Doesn't that make everyone picture the creepy twins from The Shining?
The book is copyrighted in 2009, but I came across it earlier this spring when I was looking for a book to buy at Barnes & Noble. I buy so few books that I really stress over it, afraid I might buy the wrong book.

When my friend Ruth asked for a book recommendation to download to her iPod, I suggested this one without having read it. I said it looked good.
Ruth bought the book and read it while on vacation. She hated it. She said none of the characters were likable.
So now I'm in even more of a dilemma. I'm a third of the way through and I'm loving it. I'm trying to slow time down. I read it occassionally, torn between wanting to continue through this sinister world and not wanting to hate the book at the end.
I finished reading this book and posted some insights here if you want to read more.

Friday, May 13, 2011

Cola Cake

Yesterday as I was driving Spencer to school, before I returned home to run Tucker to school, my phone rang. Jane apologized for bothering me, but she was in a pinch. She needed more parents to bring food to the staff appreciation luncheon at school.
“I didn’t know if you were busy this evening…” she paused just a few seconds so I could jump in and volunteer there.
“Well, I teach tonight, but I can help,” I said.
In my mind I was cataloging my day. Teach at 10, breast center at 1, drive north of Columbus for my 6 to 10 p.m. class.
I agreed to make a dessert. When I got home at 4, I had nearly an hour before I had to leave again, so I whipped out my Cola Cake recipe and started baking. Cola cake is one of those things I tasted at a church dinner when I was a kid. The chocolate cake is incredibly moist. It has the magic southern ingredients of Coca Cola and miniature marshmallows. What’s not to like?
The cake baked and the marshmallows rose to the top forming a crispy crust on the top.
“Please, Mom. Can’t we keep it?” Tucker asked as the smell permeated the house. “You can give the teachers something else.”
I headed off to class, leaving the cake without icing. On the way home from class, hungry, I thought, “Sure. I can bake that cookie dough I froze last week when I doubled the batch.”
I told Tucker that we would keep the cake and give the teachers the chocolate chip cookies. I stirred the cola, butter and cocoa into an icing. With a last flourish, I spread the chocolate icing over the cake and it was ready.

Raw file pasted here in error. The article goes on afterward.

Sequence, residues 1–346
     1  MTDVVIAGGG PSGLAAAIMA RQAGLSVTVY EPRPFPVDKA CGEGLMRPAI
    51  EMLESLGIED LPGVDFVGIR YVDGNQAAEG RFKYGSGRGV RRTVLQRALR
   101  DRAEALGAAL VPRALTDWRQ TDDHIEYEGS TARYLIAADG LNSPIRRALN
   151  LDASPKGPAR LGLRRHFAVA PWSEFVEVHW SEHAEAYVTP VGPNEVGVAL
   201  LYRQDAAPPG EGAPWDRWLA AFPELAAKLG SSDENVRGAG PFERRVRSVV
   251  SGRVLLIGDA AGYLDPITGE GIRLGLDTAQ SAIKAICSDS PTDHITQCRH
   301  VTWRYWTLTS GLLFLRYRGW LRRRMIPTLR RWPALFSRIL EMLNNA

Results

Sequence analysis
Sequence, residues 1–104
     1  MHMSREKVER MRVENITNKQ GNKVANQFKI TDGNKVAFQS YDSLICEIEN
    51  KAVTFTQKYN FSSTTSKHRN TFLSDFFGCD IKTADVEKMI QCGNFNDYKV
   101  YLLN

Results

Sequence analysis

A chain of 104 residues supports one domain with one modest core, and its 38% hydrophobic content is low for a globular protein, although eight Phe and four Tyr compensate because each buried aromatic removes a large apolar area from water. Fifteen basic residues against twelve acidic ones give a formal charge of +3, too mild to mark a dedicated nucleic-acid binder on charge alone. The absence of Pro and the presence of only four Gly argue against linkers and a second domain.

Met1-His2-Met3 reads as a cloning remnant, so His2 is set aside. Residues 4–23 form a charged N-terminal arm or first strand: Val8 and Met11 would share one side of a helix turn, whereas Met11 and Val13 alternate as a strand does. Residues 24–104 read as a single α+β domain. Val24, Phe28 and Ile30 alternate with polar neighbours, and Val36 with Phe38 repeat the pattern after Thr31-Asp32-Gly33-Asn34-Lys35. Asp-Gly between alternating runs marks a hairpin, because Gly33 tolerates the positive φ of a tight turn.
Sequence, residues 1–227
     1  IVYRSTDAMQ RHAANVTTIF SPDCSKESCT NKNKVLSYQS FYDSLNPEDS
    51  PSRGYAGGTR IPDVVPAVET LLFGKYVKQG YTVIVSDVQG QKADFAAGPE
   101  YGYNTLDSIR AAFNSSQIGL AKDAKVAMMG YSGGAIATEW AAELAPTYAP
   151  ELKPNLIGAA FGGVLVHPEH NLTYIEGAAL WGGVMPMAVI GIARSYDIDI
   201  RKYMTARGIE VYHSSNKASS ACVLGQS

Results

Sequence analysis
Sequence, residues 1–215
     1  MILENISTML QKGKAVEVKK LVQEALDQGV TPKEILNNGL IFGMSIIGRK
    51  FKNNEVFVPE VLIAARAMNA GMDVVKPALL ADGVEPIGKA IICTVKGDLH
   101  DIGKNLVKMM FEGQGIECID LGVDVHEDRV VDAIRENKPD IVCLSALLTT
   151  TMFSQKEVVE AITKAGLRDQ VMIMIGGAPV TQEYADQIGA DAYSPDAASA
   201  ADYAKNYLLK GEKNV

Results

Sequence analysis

I sliced a piece and placed it on a plate.
“Tucker,” I called. “Cake’s ready.”
“Nah. I’m not hungry right now,” he said.
So I ate the piece of cake, and I had another for breakfast. Since then, I’ve been giving pieces to the neighbors in hopes that I don’t eat the entire Cola Cake.

Wednesday, May 11, 2011

Teaching for Little Pay

This morning I'm having a hard time getting motivated to go to work. I teach at 10 a.m. and again tonight at 6 p.m.
I have some great lesson plans -- things that push college students out of their comfort zone. The interpersonal communications class has to judge the body language of people in photos, and later they'll put themselves in order by birthday without speaking. They'll see clips from the Daily Show about sexism and racism.
The English Comp class will draw houses then write instructions in hopes someone else can follow the instructions to draw the same house. The goal there is that the writer can begin to consider the audience and which information needs to be included.
So, lesson plans in place, I still feel sluggish and sit in front of the computer instead of hopping in the shower.
The reason, last week, this private, for-profit college emailed us that "Ooops! Forgot to put paychecks through. We'll just include it all in the next pay period."
And I find that teaching for free is less motivating than teaching for money.

Tuesday, May 10, 2011

How to Have Perky Breasts

True confession: I am on the downhill side of 40 and I still don't wear a bra.
My doctor confirmed that I have "dense" breast tissue as she looked at the results of my recent mammogram. I like to think of them as "upstanding" breasts. Did I do anything different to make sure my breasts didn't begin to sag as I got older, had three children, nursed for over five years? Yes, I did, and I'm going to share my secret with you here.
My journey to perky breasts began more than 25 years ago with a college student trip to Europe. The photos are dull instamatics where I look like an outline.
Here I am in Venice in St. Marco Square.
The trip took us through about 12 countries in three weeks. Everyone, including the bus driver and the tour guide, were college students. Most of us were American college students; the bus driver was Giorgio from Italy, and the tour guide was Christian from Austria.
I'm going to say I was fairly conservative at the time, but one night, sitting with Christian and my boyfriend Todd who I was traveling with, we had a discussion about bras and breasts.

Strange as it may seem, this conversation was the basis of my breast philosophy for the rest of my life.
At that time 25 years ago, lingerie was not as popular in Europe as it was now. People bought perfume and chocolates and cuckoo clocks, but not lingerie. The reason was scandalous -- most European women didn't wear bras.
Christian, the Austrian who apparently had put a lot of thought into this theory, suggested that when women wear bras, the bras do the work to hold the breasts up. Once the bra comes off, the breasts sag.
And that was it. That theory formed my breast philosophy. I got rid of my bras and haven't looked back.
Occasionally, I'd buy a pretty bra to wear to seduce my husband. I had some nursing bras to keep wet spots off my blouses when the kids were little. As soon as they were old enough to eat solid food, the nursing bras were packed away.